It's Not Just the Box - High Efficiency HVAC Includes the Ducts
I realize that the deck is stacked against me, but I'll make another plea for HVAC contractors to stop putting crappy ducts on high efficiency heating and cooling equipment. Last week I looked at this issue with my in-laws' house. This week I revisited a house I've written about once before. Yes, this is where Stumpy, the amputated duct lived.
When I first looked at this house, the duct system was one of the worst I'd seen, and I recommended that the homeowners rip everything out and start anew. The correct way to do that, of course, is by going through the complete HVAC design process: Manual J, S, T, and D. That way, the equipment would be sized properly for the heating and cooling loads on the house, and the duct system would be properly designed to move the air efficiently.
What happened in this case is that the homeowners got new, high efficiency heating and cooling equipment (19.7 SEER air conditioner and 92+ AFUE furnace) and a typical duct system. What's there now is definitely better than what they had before - How could it NOT be?! - but their overall efficiency is brought down by the duct system.
The first thing to notice is that the supply plenum is almost nonexistent because it's so small. That's not so good for air distribution. A bigger plenum is better, so you can get the right amount of air going out into the ducts attached to it. The small plenum also means that the ducts are attached right at the edge of the end cap.
They could have solved this problem by installing a horizontal unit instead of a vertical one. That would have allowed them to put a larger supply plenum on the system. It also would get the unit higher off the floor to avoid flooding the HVAC system. This system is in a dug out part of a crawl space that had flooding problems before the work, and there's evidence that the dug out area has flooded since, too (orange dirt on top of the black plastic in photo at left).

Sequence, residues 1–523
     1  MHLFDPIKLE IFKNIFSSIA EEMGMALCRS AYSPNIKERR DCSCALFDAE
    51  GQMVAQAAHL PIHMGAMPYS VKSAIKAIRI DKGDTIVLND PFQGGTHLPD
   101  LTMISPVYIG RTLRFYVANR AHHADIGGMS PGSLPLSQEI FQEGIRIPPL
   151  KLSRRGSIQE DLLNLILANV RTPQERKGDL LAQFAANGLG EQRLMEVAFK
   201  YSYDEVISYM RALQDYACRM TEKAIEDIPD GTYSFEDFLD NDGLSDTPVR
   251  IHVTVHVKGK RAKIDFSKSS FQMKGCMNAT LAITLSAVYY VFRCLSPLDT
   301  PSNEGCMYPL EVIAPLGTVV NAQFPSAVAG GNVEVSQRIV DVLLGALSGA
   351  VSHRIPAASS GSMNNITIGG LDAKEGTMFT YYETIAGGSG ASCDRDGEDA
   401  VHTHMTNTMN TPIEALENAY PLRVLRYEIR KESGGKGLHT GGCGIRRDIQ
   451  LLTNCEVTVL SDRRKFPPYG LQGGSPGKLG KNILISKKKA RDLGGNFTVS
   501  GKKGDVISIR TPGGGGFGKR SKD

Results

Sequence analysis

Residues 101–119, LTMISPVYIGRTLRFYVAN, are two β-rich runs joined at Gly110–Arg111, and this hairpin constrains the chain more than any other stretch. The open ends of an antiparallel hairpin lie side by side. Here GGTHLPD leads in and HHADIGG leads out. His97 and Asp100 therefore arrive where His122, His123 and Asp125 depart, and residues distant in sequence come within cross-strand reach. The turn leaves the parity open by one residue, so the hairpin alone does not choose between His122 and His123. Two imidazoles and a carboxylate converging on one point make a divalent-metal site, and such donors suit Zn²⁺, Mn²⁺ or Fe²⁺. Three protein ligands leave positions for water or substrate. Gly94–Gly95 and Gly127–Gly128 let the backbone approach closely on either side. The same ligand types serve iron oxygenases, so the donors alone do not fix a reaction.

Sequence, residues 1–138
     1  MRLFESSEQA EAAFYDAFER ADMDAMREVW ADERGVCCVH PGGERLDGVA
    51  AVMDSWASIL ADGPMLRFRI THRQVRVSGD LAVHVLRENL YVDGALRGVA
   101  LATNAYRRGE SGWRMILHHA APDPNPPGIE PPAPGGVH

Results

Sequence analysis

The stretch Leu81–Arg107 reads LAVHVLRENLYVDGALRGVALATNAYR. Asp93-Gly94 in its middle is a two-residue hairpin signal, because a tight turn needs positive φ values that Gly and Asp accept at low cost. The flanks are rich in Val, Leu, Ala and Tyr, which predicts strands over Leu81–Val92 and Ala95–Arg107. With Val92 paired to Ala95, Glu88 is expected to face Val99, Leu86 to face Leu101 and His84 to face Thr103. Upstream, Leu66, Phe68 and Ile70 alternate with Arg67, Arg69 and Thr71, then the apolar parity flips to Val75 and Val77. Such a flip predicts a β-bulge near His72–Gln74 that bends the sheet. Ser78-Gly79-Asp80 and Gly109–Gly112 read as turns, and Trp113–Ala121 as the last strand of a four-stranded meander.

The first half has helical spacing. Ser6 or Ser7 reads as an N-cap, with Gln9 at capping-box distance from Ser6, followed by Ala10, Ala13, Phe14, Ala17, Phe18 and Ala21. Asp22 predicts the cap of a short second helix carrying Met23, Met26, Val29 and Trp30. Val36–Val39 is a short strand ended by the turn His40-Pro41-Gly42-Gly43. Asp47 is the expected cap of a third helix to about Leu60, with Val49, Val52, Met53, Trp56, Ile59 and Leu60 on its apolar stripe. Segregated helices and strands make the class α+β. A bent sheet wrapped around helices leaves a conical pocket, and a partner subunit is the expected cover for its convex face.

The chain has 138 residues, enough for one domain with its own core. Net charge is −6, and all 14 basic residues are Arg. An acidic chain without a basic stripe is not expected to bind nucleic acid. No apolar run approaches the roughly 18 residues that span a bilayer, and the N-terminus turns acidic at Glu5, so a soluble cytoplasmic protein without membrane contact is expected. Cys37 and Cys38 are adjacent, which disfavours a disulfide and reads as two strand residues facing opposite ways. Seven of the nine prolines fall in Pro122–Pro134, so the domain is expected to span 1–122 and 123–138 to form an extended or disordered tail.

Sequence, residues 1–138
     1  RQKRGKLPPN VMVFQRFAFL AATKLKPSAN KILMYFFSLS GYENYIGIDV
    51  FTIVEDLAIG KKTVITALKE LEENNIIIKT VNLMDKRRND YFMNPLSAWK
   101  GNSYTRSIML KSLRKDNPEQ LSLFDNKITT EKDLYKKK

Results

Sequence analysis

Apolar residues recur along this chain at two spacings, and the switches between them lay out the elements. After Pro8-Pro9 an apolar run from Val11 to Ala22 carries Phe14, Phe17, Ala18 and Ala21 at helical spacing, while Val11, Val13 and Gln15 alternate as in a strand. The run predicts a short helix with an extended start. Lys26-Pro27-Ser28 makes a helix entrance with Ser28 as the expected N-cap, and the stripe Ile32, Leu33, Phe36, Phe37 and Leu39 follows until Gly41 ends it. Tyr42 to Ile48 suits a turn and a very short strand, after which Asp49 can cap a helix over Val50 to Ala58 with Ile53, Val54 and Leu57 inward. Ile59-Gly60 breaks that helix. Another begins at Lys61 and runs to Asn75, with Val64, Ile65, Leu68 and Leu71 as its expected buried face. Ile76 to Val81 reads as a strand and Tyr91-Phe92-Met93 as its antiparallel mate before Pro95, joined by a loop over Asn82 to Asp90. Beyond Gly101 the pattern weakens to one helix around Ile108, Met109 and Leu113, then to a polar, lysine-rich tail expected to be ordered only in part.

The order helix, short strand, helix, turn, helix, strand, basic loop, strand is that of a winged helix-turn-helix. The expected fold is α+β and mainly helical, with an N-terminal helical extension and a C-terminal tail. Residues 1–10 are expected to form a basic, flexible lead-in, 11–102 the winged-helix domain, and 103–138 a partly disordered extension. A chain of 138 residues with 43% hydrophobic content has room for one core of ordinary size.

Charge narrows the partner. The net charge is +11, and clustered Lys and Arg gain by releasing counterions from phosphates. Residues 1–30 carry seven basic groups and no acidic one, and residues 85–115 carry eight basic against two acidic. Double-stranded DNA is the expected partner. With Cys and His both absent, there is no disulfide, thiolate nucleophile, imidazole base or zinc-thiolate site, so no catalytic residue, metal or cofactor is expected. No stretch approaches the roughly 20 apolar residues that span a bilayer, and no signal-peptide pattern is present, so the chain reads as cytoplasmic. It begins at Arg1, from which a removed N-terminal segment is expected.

The radial flex duct system with a lot of Y-splits, as installed in this home, is the most common method of installing ducts these days because it's easy and doesn't require much thinking. It can work out if the system was designed and installed properly, and the static pressures and air flow are where they should be, but 99% of the time you see this type of duct system, it was installed on the spot without prior duct design.
In this duct system, the flex ducts were squeezed through several tight places (between pipe and floor in photo below right), which is an unfortunate procedure for duct installation that can drastically reduce air flow. There also was precious little mastic used to seal the ducts. What I saw was thin and incomplete, the kind of duct sealing you see when the contractor doesn't have to meet any kind of duct leakage threshold.
The good news is that the new ducts are a lot bigger than the old ducts, and there's a chance that the air flow may be OK. It's certainly got to be better than it was before - though that's setting the bar pretty low.
I didn't measure air flow, static pressures, or duct leakage in this system, but the new system is definitely a great improvement over their old ducts. With the open cell spray foam insulation in the floor, the house can't help but be more comfortable and efficient, and the homeowners are happy with the improvements.
My big problem with this whole scenario, however, is that the homeowners paid a lot of money for super high efficiency equipment and got an average duct system with it. They would have been better served by spending less on the heating and cooling equipment - the box - and more on the duct system.
Looking through the photos I took this week, I found another one that I really can't omit. What you see at left is the filter, filter housing, and return plenum. Notice the red dirt all over them. That's from the flooding that happened in the past. So, the HVAC contractor installed a brand new super duper high efficiency piece of heating & cooling equipment with a not so great duct system - and then he throws the same old dirty filter housing and return plenum on it, too. Did he even bother to put in a clean, new filter? Amazing!